NFL teams change course in January and February all the time, but typically they do so with a fresh approach - a new coach, a new GM, a completely overhauled coach-GM dynamic. Lurie not only gave the existing coach, who had mild success, full control over football operations, he left the GM, who had lost a power struggle, in the building.
Roseman was still technically in charge of the salary cap and contract negotiations, but he did very little that offseason. Kelly tried to pin some of his bad contracts on the former GM, but even if Roseman was responsible for giving Maxwell $63 million, he was clearly doing the coach's bidding.
Kelly wanted final say after all. He just didn't seem to want to be held accountable. When the Redskins in the penultimate game of that season embarrassed the Eagles, Kelly played semantics and said that he wasn't the GM, and the only way that his job changed was that he now had control over the offseason roster.
And the generals were just following orders.
Kelly, though, had no problem going where few NFL decision makers go - even after they leave the league - when asked who was responsible for drafting the ill-fated Marcus Smith a year prior.
"Howie had final say on that decision," Kelly said during that March 11 interview.
Roseman has certainly made his fair share of mistakes in personnel. It is, at the end of the day, his job to find the players who will excel in the coaches' schemes and locker room. But there should be little lost in translation when the coach is picking the players for his systems.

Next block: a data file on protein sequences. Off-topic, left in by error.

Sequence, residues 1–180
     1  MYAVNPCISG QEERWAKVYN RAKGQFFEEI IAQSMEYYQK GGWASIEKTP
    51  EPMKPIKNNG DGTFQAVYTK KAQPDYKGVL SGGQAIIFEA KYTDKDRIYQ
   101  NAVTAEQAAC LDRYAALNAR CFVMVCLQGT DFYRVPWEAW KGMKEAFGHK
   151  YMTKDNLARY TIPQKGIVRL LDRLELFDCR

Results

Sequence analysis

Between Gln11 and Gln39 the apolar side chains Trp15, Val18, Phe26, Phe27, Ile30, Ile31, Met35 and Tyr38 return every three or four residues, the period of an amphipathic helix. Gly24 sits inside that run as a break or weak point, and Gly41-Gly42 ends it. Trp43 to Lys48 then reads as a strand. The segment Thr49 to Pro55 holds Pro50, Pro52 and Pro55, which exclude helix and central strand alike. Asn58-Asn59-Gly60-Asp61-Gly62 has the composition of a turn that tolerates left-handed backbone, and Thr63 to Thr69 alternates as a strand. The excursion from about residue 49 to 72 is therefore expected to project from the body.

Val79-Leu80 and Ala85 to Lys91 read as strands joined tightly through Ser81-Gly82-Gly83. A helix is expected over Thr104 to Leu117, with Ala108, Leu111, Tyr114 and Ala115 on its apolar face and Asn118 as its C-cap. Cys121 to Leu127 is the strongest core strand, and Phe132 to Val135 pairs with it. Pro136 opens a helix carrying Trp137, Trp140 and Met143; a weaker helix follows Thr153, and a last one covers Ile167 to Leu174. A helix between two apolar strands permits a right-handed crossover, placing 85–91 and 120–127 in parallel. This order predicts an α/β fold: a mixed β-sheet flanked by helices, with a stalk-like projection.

Kelly and Marynowitz implemented an integrated approach between the coaching staff and the personnel department in the evaluation process that offseason. Roseman, just recently, admitted that he tried to wear too many hats during his first stint in charge of personnel and that he needed to be more collaborative.
"The way that our meetings are structured now, everybody has an opportunity to speak their mind," Marynowitz said then. "We get everything on the table."
Kelly also took a different approach to predraft visits. While Roseman had conceded before that some of the prospects he brought to the NovaCare were merely meant to throw other teams off, the coach saw the meetings as crucial to assessments.
"Any time you get an exposure, you get a better idea of what they are all about," Kelly said. "And I know some people . . . use them as smoke screens or things like that. We're not into that."
Marynowitz also gave a detailed explanation of the Eagles' new three-step approach to funneling down prospective draftees from 12,000 players to the 150 who were on their board:
Height, weight, speed according to the position.
Position specifics or the critical factors for that position, which is athletic ability to play that specific spot, which is also relative to system and scheme.
Character, attitude, and intelligence.
"Just because a guy is exceptional or deficient in one, it won't preclude us from taking him. But ideally, especially in the upper rounds, you're striving for guys that fit in all three of those," Marynowitz said. "You just don't want to take exceptions."